- If there is penetration the shell deals the damage to the armour, loses penetration value and kinetic damage proportionally to armour thickness and goes further. Also each kinetic shell creates a shard cone that can damage modules and crew in the sector.
- The shell itself goes further and when hitting any internal module all the above mentioned checks are made (excluding cases when a fragmentation shell hits armour with thickness thinner than 3-4mm - it will not generate a fragmentation cone then). Checks are made until the penetration value of a shell is enough to penetrate a module or until the fuse goes off (if the shell has explosives and armour was not thick enough to make it go off) A distance needed for the fuse is 0.5-1.5 m from the penetration point depending on calibre and type.
- When the fuse goes off the explosion follows which creates HE and fragmentary spheres of damage. Crew members and modules within the spheres may be damaged by shards and shockwave.
The server then sends the results of these calculations to each player in the session to synchronize the data, which is also calculated on the players' own systems.
Thanks to lag compensation, which consists of physical extrapolation, visual model display interpolation and time rewind with extra physical simulation, you always see the surrounding players in positions as close as possible to their real positions, which allows players to lead their opponents and target critical areas on their target regardless of the ping of any of the battle's participants (up to a certain point, of course). Any physical objects in the world, particularly heavy vehicles, possess inertia and physical properties that significantly constrict their "cone of uncertainty" – their possible states in space over a time delay – which provides a means to achieve significantly better lag compensation results than usually possible in online shooters. It also allows for creating a response in the game entirely independent of the server's reciprocal response, which means that all your actions (such as shooting and manoeuvring) are applied in your client immediately and without delay. We try, as much as it is possible to do so, to ensure that delay in contacting the server does not stop players from enjoying the game, and thanks to this system, players with various levels of ping on various servers will barely notice the difference in gameplay. Only when players have extremely high ping will they see their opponents' sharp manoeuvres far later and sharper than when they actually happened.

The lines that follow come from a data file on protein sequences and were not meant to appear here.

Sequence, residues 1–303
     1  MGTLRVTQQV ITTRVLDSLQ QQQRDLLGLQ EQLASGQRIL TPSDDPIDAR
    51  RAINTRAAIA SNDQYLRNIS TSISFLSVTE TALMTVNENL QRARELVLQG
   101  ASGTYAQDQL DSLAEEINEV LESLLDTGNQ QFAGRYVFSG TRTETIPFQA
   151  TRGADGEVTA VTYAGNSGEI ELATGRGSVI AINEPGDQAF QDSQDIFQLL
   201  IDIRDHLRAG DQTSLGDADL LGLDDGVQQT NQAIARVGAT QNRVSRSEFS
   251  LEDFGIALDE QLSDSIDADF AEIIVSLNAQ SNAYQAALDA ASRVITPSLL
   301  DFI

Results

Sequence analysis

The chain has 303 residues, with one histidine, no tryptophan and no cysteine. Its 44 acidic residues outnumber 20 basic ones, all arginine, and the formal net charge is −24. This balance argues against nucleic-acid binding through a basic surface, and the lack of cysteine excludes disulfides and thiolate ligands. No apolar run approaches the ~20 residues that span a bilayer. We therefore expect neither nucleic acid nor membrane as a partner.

Of course, no algorithm can make up for an unstable connection, when network packets don't reach the client or the server. In such cases, players may see their opponents' manoeuvres with a delay or distortion, and may even experience other problems in the game – it all depends on how often the packets drop. However, here too we have created special mechanisms to help ensure that such problems affect the players as little as possible. For example, the main movement and firing controls can suffer a packet loss of over 50%. This allows us to even further reduce the consequences of poor connections. However, it's worth remembering than any multiplayer game will be better if you have a good internet connection!